Elon Musk needs to prove he's not in contempt by March 11

Tesla Chief Executive Elon Musk has until March 11 to prove to a federal judge in New York why tweets he sent last week don’t violate the terms of an October settlement with the U.S. Securities and Exchange Commission.

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U.S. District Judge Alison Nathan on Tuesday ordered Musk to respond to a federal filing from the SEC that alleged he had violated the settlement by tweeting about the electric-car maker’s 2019 production targets. According to Elliot Lutzker, a former SEC enforcement officer, Musk’s attorneys will put in a response for him with the judge.

Last week, Musk wrote in a tweet that Tesla would produce 500,000 cars in 2019, a figure he later clarified would be closer to 400,000. The SEC determined that the initial tweet was not approved by Tesla before it was sent, according to the filing.

Per the terms of the previous securities charges settlement -- a result of Musk abruptly tweeting in August that he was considering taking Tesla private -- Tesla was required to appoint two new independent directors to its board, in addition to putting into place controls to oversee Musk’s communication. Both Tesla and Musk were also fined $20 million each, a cumulative total of $40 million.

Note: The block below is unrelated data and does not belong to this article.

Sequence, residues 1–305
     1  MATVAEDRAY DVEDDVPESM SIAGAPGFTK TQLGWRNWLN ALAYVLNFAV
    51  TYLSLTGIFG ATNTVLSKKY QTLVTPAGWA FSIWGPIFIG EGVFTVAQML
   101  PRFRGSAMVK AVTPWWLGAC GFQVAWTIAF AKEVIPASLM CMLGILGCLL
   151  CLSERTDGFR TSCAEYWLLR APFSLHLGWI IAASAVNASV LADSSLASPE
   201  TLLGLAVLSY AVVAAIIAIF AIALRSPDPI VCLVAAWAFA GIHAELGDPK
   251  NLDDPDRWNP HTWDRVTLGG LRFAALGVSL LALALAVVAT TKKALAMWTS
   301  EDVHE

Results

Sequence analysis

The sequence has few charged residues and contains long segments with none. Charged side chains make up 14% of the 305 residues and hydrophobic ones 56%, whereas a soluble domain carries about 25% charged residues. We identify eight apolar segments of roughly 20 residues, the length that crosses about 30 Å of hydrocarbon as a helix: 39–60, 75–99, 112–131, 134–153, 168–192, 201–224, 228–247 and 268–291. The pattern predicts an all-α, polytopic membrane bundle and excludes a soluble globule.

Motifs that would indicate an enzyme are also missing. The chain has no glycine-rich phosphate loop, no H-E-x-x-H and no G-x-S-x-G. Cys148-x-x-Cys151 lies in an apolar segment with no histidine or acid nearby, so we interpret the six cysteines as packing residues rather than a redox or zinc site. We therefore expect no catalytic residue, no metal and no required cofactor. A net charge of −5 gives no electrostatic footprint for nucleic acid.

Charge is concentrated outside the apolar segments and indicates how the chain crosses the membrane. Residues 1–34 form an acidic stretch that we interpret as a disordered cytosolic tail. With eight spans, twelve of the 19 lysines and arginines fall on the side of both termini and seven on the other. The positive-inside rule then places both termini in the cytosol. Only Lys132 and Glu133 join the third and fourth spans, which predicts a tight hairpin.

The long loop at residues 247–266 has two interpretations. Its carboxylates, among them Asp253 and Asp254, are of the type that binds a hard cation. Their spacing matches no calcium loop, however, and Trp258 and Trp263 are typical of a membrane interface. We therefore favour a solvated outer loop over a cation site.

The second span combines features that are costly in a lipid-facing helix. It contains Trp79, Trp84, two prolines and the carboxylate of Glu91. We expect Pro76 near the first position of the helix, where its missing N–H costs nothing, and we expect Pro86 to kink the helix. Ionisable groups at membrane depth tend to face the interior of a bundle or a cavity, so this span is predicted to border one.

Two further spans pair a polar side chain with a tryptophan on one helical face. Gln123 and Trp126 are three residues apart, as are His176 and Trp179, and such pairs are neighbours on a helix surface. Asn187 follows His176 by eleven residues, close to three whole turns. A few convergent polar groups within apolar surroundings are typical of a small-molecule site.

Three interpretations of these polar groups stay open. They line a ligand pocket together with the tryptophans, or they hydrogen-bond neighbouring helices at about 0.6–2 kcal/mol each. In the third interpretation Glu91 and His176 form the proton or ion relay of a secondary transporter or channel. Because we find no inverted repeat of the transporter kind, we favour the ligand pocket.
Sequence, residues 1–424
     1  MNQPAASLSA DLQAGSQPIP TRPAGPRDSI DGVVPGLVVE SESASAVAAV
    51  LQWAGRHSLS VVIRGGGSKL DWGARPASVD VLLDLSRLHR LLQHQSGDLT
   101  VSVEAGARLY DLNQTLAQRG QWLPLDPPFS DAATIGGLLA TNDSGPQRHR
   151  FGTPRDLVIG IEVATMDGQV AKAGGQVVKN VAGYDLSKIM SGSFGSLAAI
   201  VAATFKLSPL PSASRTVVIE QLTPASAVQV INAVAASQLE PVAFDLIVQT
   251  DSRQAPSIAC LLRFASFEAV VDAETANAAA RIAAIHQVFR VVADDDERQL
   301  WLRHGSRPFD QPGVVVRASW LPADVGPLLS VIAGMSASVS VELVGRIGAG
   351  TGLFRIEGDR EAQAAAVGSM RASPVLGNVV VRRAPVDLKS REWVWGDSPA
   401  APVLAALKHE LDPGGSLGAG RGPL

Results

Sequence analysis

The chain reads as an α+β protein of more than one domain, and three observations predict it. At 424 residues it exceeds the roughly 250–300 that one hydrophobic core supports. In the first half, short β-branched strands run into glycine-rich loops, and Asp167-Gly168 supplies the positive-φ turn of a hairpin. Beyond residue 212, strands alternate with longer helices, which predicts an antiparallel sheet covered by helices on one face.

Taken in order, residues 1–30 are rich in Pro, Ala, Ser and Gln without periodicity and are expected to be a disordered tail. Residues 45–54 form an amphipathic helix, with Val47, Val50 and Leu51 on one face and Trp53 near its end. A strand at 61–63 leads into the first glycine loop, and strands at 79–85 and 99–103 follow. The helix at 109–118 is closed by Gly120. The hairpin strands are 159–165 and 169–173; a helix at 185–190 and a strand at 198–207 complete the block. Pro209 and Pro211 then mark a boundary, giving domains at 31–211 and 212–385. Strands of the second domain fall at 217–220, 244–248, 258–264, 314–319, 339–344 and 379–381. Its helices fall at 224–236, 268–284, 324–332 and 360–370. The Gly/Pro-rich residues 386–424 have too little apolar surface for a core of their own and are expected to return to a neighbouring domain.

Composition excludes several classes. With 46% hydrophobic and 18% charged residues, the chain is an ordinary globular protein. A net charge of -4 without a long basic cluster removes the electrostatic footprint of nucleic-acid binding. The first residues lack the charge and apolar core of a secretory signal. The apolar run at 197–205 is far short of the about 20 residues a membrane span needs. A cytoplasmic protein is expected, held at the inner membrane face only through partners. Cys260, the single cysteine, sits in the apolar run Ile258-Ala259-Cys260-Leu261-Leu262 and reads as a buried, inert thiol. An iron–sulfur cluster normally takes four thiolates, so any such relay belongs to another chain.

Tesla did not respond to a request for comment, but the billionaire responded to a question on Twitter early Tuesday in which he blasted the federal agency.

“Something is broken with SEC oversight,” he wrote.

Musk and Tesla also tried to defend the tweet by saying the SEC “forgot to read Tesla earnings transcript” -- referring to the company’s fourth-quarter earnings call -- in which he told investors that Model 3 output would reach 500,000 “sometime between Q4 of 2019 and Q2 of 2020.” The SEC, however, argued that there was no “pre-approved written communication” that said Tesla would produce 500,000 vehicles by the end of 2019.

According to Lutzker, who now works for the law firm Davidoff Hutcher & Citron LLP, it’s not necessarily the substance of the tweet that’s problematic -- it’s the fact that Musk didn’t clear it before he hit send.

“It’s interesting, because if you would just look at the face of it of what he did and what he said, it doesn’t strike you as being a very strong case, it’s not fraud or anything like that,” Lutzker told FOX Business. “It is strong in the sense that he just totally ignored the settlement, meaning that he’s supposed to pre-clear all of his tweets when responding to material announcements about the company. It’s a strong case on process, not necessarily on the substance of what he did.”

Now, Lutzker said, the SEC could seek to suspend Musk from serving as CEO of a public company. However, he noted it was “unlikely” since no theft or fraud is involved in the charges; instead, the SEC would slap another hefty fine on Musk and Tesla, particularly because ousting him could hurt shareholders of the company.

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“They don’t want to punish the public shareholders because of his trangeressions,” he said.